Page:Popular Science Monthly Volume 5.djvu/133

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be a pauper or millionaire; a laborer or capitalist; a peasant or prince—which determine, in short, whether his own internal momentum or centrifugal force shall be overpowered by the potent gravitation, or centripetal force, which is constantly prostrating human efforts, or shall enable him to maintain an independent position, and revolve in an orbit of his own."

A Treatise on the Method of Government Surveying. By Shobal V. Clevenger, U.S. Deputy Surveyor. New York: D. Van Nostrand. 200 pp., 12mo.

The author states that the peculiarities of Government surveying being unexplained by existing works on land-surveying, new contractors with the Government are often embarrassed by the want of information on the subject. To meet this want, the treatise was prepared. The principles of surveying, the application of astronomy, and the uses of instruments and of logarithmic tables, are expounded briefly but intelligibly. Suggestions are also made for procuring a surveying outfit, and for rendering the alkaline waters of the Western Plains fit for drinking. Tables of convergences, logarithms, etc., are given at the end. The book is bound in morocco for pocket-use.

The Borderland of Science. By Richard A. Proctor, B. A. Philadelphia: J. B. Lippincott & Co. 438 pp., 8vo. Price, $4.00.

This is an embodiment in book-form of a series of essays previously published in the Cornhill Magazine. The title forcibly indicates the nature of the subjects discussed, these being generally beyond the pale of exact science, yet possessing in some degree a scientific character. However, with regard to the last three essays, "Gambling," "Coincidences," and "Ghosts," it is difficult to recognize their claim to a position under the title, except in the effort of the author to combat, after an analytical or scientific method, the errors prevailing on those subjects. The essay on "The Herschels and the Star-Depths" sketches the observations of those great astronomers on the "dark portions" of the heavens, and their resulting discoveries of nebulæ. "A Voyage to the Sun," and "A Voyage to the Ringed Planet," in the assumed and fanciful form of a journey to those luminaries, describe their features and the peculiar theories relating to each. "Life in Mars" discusses the reasons for believing that some kind of animal life exists upon that planet, and "A Whewellite Essay on Mars" gives the reasons for doubting that that life resembles such as we see upon our own. Besides several other essays on astronomical subjects is one on "Earthquakes," another on "Coal," and still another on "Flying and Flying-Machines." The clear and vigorous style and varied character of its contents make the book highly interesting. It is to be regretted that it was not published in a cheaper edition.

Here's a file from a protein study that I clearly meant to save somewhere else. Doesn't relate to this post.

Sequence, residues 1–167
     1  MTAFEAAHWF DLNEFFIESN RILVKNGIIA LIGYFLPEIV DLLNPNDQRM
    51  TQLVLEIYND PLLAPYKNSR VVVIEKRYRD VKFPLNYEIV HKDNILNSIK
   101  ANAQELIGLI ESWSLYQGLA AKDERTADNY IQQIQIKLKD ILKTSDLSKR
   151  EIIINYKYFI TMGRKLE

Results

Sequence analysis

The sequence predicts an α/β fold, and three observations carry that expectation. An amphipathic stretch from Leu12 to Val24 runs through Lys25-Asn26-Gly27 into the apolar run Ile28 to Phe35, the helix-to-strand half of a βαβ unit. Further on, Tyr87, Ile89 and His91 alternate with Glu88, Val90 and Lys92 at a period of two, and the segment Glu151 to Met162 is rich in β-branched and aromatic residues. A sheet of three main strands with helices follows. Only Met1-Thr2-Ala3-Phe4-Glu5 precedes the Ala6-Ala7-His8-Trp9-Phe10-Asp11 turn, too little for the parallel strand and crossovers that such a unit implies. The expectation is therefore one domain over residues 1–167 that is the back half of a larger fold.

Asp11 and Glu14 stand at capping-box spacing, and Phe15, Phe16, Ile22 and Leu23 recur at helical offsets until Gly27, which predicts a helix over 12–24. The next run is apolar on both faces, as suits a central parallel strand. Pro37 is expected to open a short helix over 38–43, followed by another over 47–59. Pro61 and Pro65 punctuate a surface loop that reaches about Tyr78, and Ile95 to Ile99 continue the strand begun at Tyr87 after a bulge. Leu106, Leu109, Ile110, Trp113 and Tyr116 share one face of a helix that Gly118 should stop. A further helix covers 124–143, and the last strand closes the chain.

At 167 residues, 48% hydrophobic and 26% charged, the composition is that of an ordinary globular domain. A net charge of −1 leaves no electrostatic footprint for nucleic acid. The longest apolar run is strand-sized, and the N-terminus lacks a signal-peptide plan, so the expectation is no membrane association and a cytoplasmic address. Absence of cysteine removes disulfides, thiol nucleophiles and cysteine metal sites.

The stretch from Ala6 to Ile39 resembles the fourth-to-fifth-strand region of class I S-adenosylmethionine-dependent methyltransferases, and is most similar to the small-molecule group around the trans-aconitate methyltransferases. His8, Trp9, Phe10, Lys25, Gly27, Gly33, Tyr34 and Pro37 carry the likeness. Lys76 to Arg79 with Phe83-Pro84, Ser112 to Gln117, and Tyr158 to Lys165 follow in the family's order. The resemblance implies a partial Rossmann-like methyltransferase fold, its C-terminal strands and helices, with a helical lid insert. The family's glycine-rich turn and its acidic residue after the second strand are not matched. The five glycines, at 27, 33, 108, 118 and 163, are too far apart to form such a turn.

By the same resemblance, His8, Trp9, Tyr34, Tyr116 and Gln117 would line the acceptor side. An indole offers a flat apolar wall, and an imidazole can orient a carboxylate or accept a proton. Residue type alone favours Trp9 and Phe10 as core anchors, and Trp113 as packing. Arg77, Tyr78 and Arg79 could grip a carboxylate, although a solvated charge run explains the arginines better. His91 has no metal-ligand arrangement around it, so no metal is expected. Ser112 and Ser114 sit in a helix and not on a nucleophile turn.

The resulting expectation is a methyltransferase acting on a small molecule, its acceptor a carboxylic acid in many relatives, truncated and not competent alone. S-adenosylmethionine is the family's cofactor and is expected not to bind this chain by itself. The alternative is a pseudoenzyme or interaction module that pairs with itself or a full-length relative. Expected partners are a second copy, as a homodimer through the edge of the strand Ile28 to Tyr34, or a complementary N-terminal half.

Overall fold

The Galvanometer and its Uses. By C. H. Haskins. New York: D. Van Nostrand. 76 pp., 12mo.

Of suitable size, this book is intended as a pocket manual for students of electricity, as well as a reference-book for experienced electricians. It explains, at the beginning, the laws upon which galvanometric measurements are based, next the galvanometer itself, and lastly the uses of the instrument. It is illustrated throughout. To the end are appended useful tables of the wires and tangents, and of the weights and resistances of iron and copper wires.


Relics of an ancient Malayan Civilization.—At the November meeting of the California Academy of Sciences, photographs of curious hieroglyphics, cut in wood and found on Easter Island, were received from Mr. Thomas Croft, of Papeeti, Tahiti. In accordance with vague traditions current among the natives, they were supposed to represent the written language of some pre-historic race. The stone idols found on the island exhibit a refined form of art, and other relics found there go to prove that the present population are the degenerate relics of a once powerful nation. In the letter accompanying the hieroglyphics, Mr. Croft stated, from the best information he could obtain, that none except the priests, and a chosen few, could decipher these strange characters. At a recent meeting of the